When a child holds a small object between the tips of the index finger and thumbs, this is called a superior or refined pincer grasp. The superior pincer grasp typically develops by 12 months of age, but it may develop a few months earlier in some babies.
Pincer Grasp Activities
Incorporating activates into an infant’s regular routine is a great was to help develop the pincer grasp. At snack time, provide small food items such as Cheerios and put each piece into a different section of a plastic ice tray. This will encourage baby to use a pincer grasp when reaching in to grasp the pieces. I would recommend taping the ice tray to the table or highchair tray so it doesn’t slide around. Here are a few more activities to help develop a pincer grasp.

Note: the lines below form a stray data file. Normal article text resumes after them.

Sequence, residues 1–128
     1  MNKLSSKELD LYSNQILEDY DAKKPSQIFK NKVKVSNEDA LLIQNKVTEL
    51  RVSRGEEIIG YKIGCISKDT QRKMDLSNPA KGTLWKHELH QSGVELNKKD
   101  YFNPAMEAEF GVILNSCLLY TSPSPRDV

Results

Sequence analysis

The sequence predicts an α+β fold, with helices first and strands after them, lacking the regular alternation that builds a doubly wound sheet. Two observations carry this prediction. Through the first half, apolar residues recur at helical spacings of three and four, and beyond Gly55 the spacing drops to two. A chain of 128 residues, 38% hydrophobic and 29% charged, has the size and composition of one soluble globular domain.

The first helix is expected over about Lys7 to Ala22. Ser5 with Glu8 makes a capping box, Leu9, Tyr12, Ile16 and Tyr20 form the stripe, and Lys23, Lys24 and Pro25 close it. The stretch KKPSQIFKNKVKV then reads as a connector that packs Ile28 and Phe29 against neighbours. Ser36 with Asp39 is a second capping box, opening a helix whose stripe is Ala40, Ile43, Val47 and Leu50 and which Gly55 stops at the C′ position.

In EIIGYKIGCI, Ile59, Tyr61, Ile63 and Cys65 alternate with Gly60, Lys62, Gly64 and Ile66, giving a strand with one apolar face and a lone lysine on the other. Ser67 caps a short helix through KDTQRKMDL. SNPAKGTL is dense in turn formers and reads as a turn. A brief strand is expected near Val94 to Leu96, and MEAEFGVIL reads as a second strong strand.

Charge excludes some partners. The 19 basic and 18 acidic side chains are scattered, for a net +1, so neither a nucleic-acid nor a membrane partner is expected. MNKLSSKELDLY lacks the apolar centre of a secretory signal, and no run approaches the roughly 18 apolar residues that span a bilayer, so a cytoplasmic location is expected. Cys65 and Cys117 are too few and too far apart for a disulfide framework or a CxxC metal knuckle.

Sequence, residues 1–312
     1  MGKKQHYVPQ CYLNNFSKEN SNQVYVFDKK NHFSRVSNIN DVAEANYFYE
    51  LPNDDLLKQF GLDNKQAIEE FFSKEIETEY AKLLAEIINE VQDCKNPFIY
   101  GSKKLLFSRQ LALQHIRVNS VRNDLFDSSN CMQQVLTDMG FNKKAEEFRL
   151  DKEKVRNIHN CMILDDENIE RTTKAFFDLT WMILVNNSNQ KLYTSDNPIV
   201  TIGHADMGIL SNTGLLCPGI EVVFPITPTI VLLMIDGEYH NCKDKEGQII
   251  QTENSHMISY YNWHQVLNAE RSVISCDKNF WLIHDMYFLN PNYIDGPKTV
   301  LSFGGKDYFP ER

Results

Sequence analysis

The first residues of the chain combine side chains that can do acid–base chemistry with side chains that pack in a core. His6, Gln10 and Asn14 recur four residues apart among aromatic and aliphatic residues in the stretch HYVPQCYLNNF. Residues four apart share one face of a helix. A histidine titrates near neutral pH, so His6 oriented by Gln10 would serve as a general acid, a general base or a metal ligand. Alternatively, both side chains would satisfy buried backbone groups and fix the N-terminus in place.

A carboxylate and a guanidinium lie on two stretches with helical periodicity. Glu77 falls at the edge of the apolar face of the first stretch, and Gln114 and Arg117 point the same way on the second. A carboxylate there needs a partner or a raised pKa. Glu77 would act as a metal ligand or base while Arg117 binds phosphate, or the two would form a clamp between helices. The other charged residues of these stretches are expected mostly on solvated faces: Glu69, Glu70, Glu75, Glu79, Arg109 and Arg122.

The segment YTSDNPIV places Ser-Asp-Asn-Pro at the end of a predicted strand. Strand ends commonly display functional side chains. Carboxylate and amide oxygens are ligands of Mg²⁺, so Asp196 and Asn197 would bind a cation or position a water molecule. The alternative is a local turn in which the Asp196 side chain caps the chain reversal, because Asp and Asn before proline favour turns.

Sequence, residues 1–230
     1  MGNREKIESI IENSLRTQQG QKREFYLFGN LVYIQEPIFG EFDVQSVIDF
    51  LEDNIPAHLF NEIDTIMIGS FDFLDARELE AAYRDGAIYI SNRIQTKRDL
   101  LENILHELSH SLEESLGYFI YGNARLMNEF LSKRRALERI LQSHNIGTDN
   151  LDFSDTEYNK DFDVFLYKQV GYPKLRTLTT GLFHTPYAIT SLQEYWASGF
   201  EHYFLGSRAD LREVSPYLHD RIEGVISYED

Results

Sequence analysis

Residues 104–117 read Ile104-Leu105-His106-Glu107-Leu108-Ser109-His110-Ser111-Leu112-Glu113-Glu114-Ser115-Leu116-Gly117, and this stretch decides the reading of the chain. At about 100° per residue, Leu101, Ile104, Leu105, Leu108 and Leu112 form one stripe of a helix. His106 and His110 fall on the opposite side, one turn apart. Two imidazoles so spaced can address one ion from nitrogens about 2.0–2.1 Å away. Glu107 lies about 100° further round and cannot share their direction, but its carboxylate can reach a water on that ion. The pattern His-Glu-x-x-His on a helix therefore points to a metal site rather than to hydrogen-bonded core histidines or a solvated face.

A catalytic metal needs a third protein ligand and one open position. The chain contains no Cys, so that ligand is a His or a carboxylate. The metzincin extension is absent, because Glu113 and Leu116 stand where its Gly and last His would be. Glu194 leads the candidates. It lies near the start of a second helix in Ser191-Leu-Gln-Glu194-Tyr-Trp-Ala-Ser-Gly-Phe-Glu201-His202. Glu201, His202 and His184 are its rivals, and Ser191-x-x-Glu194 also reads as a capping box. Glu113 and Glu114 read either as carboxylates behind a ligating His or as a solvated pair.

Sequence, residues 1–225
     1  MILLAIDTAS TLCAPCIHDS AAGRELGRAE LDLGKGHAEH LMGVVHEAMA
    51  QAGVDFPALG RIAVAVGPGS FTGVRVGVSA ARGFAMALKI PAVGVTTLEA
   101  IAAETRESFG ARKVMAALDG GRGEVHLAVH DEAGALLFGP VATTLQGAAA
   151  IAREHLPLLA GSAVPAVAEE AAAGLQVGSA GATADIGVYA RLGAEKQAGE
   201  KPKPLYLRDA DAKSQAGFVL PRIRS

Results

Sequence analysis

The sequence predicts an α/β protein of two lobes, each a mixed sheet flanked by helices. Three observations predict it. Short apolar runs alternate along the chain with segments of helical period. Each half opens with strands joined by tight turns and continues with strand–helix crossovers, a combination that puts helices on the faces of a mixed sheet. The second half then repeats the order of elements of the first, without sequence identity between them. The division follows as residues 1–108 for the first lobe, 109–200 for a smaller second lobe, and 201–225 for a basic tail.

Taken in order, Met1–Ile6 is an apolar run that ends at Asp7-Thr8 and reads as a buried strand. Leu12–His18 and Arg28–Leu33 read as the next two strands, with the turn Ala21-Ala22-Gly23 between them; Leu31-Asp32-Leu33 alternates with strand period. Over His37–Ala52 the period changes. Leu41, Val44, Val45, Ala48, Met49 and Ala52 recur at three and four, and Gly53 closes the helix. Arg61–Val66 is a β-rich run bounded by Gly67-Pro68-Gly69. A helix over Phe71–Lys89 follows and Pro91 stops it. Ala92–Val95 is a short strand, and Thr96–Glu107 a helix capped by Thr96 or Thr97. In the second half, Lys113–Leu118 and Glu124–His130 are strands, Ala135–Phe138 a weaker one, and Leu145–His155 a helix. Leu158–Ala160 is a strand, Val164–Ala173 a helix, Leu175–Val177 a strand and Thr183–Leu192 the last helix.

1. Peel off stickers small “kids” stickers and place them on a piece of paper.
2. Tape a piece of contact paper to the wall with the sticky side facing outward. Have your child pick up small pom poms or cotton ball pieces and stick them to the contact paper.
3. Cut several colorful straws into small pieces. Have the child pick up one piece at a time and drop it into a water bottle.
4. Take a kitchen whisk and stuff it full of small pom poms and have your child remove them.
5. Playing with toys that require a pincer grasp provides opportunities for practicing the skill, which is how motor learning occurs. Practices improves muscle strength and coordination, and it will also improve your little one’s confidence!
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